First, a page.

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If you want to make sure that I see your comment or just want to stop by and say “hi”, feel free to stop by my message board. We always welcome new voices to the conversation.

Not in My Lifetime

I watched an old black woman laughing. Crying. Laughing and crying and saying joyfully “I’m glad I lived long enough to see this! Oh God! I’m glad I lived long enough to see this!”

They looked like people taking their first breath and really enjoying it. I didn’t see the haggard, submissive expression. I saw enthusiastic joy, free from restraint. If you saw it, if you heard it, there’s no way that a human being couldn’t be touched by it. How many people last night and this morning took their first real breath?

A friend of mine recently commented that she’s “just a white girl from a small town” but she just doesn’t get the near-messianic expectation surrounding Barack Obama being black and elected. Not why people broke down and cried, not why folks danced in the streets, or stayed up so late. Or why my cell phone blew up election night as every black person in my directory called or got called, all sharing a similar refrain. It boiled down to four words “not in my lifetime”.

Being just a white girl means, directly or not, she’s lived in the comfort of being in the majority and of white privilege. It means she’s never had to worry about being excluded from a system or the feeling of being targeted by that same system. It means she never had to live under a government whose constitution saw her as 3/5 human. It means you haven’t had to exist in the toxic mentality of “you can’t do that if you’re black”, “white people are against you”, and limited opportunities leaving you half-defeated before you start. It means you haven’t had to deal with images of you, in television and movies, leaving folks saying/thinking things like

You gold-teeth, gold-chain-wearing,fried-chicken-and-biscuit-eatin’,monkey, ape, baboon, big thigh,fast-running, three-hundred-sixty-degree-basketball-dunking spade Moulan Yan. Go the f*#$ back to Africa

It means that all no matter how false you think the majority of that mentality and stereotypes are, we’re still left with the reality of our history and experience: slavery was during my great-great-grandmother’s lifetime, segregation during my grandfather’s, the Civil Rights struggle during my father’s, the Tuskeegee Experiments during mine.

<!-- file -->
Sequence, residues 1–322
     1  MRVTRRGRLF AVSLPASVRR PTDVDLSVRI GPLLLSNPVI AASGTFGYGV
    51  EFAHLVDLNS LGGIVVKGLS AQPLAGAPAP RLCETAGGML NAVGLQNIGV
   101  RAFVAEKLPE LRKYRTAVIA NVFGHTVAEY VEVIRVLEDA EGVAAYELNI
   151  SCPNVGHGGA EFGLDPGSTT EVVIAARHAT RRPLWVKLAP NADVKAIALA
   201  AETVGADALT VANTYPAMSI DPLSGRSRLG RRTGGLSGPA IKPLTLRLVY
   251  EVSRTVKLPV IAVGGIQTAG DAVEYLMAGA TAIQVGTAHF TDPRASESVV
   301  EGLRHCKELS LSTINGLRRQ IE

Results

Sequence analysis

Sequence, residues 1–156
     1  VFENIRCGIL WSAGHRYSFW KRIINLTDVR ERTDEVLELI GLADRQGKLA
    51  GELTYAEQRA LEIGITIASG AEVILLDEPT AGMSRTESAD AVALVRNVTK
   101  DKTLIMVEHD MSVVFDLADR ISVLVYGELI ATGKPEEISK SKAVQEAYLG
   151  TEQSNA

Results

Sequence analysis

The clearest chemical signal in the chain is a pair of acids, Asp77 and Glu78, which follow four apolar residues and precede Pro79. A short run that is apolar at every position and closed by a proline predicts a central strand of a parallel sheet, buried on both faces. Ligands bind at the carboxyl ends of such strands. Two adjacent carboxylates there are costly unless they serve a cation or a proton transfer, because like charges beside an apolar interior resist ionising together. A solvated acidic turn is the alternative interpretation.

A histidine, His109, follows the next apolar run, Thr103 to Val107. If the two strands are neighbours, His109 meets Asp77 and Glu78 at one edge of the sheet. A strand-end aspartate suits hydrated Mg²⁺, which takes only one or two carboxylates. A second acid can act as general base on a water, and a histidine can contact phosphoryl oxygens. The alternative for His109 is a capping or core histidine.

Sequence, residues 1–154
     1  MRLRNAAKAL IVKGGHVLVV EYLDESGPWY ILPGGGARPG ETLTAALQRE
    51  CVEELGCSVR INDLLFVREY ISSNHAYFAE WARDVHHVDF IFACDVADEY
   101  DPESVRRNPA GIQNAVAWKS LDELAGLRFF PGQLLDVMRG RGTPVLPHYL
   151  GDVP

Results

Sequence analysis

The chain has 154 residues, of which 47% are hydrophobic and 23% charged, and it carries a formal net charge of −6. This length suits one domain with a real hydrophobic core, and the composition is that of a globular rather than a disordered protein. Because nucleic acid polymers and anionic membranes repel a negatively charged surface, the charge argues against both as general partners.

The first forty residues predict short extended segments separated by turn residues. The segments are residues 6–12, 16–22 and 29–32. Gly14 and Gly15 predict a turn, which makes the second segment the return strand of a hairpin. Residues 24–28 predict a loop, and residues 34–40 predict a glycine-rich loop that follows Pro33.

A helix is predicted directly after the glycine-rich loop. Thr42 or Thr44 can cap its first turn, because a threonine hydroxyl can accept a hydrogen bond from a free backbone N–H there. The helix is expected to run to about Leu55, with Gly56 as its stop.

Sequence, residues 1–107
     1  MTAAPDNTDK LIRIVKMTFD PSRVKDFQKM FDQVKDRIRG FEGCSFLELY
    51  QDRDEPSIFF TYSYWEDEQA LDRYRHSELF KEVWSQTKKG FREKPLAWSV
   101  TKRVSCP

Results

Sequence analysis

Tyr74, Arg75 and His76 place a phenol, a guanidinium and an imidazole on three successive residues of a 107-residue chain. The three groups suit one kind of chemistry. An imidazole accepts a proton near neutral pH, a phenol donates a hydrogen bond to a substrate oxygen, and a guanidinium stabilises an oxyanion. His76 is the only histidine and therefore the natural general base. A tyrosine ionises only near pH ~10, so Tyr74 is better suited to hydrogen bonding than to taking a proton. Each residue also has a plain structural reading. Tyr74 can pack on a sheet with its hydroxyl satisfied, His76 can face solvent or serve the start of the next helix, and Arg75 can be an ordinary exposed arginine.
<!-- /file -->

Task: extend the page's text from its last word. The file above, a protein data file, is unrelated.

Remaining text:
We still live in a world of rampant drug use/trade, a lack of educational opportunities, ghettos, and people incarcerated at alarming rates; however, progress has been made. At least my kids won’t have to face the dilemma of whether or not they should “pass” and forever hide and be tacitly ashamed of the fact that they are half black (“Daddy I’d be white cause it sounds easier.” –Malcolm Broaddus when I tried explaining to my six year old the idea of segregation).

Most important to the Obama victory was the long struggle of black Americans to be incorporated in the public sphere. No, President Barack Obama won’t redeem white people from the sin of racism (or whatever else some folks might imagine the import of his election might mean). But he represents a beacon of hope and the promise of change. His election might portend a true shift in our culture and how we see and treat one another. That is the root of the expectation: the hope of a better tomorrow in light of our many tragic yesterdays. Something many of us never thought we’d see in our lifetimes.

Edited to add this:

My Country
The Day Before, January 19, 2009
By Linda D. Addison

Here we stand, breath held,
sweet land of liberty
of thee we dream,
land where my ancestors
sleep easier now, freedom
will ring brighter in coming days.

Stars and stripes forever
red, white and blue
bringing us all home
finally, willing to be
responsible, each person finally
willing to be American.

History confronted, the stain,
violence, oppression faced
in the light of today, moved aside
for the Grace of Presence,
allowing forgiveness to begin,
the dissipation of karma.

Here we stand, breath held,
the day before liberty
dances, full and bright,
a land of humans, each
needing hope and peace,
willing to be American.

–linda